A second world war Anderson shelter complete with dig-for-victory garden has been recreated at an Edingley farm by a group of young archaeologists.
The Newark and District Young Archaeologists’ Club has built the wood, earth and corrugated iron structure as part of an active historical project into life in the 1940s.
The shelter was built to original plans and all materials are authentic and to scale.
The garden has been planted with potatoes, lettuce, cabbage, cauliflower, beetroot and herbs — all original varieties and not the array of international vegetables we see on our plates today.
Money for the structure and garden, which took a little over two months to erect and plant, was provided by Southwell Lions and Nottinghamshire county councillor Mr Andy Stewart.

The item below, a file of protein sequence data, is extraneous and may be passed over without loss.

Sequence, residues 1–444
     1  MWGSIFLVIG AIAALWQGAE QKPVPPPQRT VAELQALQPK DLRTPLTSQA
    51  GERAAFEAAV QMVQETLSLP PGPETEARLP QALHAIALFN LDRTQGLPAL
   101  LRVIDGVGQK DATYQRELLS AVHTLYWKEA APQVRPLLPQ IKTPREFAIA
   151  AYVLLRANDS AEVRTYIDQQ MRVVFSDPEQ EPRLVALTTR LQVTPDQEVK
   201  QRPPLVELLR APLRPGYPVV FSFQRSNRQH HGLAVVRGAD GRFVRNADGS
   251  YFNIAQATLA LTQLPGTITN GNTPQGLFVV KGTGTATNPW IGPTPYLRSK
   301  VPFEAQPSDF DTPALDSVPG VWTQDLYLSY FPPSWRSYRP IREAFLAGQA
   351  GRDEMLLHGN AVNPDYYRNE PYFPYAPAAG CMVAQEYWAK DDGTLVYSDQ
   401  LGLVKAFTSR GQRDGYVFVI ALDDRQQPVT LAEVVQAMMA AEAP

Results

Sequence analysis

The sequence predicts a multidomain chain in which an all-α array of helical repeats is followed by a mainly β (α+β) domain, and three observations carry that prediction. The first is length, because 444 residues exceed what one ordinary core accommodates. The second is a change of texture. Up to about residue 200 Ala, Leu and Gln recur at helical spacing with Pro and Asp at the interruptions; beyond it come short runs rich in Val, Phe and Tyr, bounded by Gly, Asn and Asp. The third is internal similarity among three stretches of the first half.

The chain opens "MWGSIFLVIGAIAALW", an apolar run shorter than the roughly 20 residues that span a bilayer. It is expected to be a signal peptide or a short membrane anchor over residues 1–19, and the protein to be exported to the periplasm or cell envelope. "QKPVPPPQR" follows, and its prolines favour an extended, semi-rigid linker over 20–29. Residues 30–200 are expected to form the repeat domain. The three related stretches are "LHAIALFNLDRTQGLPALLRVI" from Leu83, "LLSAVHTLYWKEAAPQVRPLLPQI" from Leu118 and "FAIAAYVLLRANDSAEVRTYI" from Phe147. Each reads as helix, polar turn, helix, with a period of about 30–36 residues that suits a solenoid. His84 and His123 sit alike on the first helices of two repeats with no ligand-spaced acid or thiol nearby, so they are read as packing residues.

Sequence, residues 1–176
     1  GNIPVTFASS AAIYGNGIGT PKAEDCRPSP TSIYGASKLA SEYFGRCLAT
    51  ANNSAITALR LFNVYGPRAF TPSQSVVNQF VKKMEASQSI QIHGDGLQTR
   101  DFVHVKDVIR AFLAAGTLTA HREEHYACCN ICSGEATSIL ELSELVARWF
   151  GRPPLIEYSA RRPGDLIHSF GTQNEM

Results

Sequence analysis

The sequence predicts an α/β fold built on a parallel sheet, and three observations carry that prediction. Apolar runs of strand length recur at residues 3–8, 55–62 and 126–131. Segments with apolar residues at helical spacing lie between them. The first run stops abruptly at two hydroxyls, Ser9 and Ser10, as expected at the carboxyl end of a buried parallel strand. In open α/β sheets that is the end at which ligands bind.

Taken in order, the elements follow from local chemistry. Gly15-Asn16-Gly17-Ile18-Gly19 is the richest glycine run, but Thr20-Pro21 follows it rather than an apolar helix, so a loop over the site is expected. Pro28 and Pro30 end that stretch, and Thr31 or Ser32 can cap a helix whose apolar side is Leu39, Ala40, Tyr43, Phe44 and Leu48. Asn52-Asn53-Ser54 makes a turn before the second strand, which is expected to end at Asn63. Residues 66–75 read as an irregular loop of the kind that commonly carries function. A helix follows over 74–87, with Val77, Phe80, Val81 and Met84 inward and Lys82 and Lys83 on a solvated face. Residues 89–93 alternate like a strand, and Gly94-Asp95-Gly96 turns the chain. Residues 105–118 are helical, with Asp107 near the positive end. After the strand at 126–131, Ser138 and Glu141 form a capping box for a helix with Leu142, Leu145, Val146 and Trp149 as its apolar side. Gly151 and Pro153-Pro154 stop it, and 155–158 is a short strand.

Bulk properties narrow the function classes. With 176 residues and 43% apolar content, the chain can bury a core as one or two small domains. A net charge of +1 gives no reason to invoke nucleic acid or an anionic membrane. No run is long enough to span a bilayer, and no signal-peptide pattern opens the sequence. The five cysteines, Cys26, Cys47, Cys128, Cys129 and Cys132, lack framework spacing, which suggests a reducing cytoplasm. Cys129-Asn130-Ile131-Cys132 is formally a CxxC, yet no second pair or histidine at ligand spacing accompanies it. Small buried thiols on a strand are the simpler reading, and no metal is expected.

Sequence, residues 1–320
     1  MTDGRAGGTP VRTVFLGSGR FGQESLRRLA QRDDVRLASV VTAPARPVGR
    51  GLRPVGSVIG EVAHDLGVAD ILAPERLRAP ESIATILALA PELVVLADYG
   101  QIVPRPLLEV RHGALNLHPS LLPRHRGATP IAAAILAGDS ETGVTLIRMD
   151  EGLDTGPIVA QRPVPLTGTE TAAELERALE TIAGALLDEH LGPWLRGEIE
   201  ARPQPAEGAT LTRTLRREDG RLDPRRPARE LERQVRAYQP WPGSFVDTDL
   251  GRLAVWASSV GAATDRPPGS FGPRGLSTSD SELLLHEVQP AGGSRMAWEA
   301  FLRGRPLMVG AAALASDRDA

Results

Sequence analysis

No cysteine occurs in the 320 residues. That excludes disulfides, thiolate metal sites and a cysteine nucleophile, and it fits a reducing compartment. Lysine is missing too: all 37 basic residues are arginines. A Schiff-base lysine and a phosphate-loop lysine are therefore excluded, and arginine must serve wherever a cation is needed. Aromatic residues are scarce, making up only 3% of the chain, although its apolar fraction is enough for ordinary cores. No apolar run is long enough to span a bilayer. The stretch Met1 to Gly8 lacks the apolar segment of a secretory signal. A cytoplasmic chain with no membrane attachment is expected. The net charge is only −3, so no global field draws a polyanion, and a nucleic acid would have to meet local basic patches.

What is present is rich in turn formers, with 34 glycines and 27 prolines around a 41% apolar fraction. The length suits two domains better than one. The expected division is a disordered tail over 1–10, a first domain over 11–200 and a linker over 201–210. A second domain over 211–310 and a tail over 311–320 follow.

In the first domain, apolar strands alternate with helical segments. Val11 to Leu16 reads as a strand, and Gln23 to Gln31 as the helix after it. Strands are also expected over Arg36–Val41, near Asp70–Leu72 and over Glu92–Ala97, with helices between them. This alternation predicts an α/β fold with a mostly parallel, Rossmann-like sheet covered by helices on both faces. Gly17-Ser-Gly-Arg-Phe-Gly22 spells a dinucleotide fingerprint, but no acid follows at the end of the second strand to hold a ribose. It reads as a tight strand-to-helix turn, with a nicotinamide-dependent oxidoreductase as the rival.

The club leader, Sue Rodgers, said: “This has been a tremendous learning experience for the young people here. Building the shelter has made history come to life for them.
“The physical making of the shelter and the planting of the garden makes the whole experience of learning about history real for them.
“That is something you just can’t get from reading a book or looking at pictures.”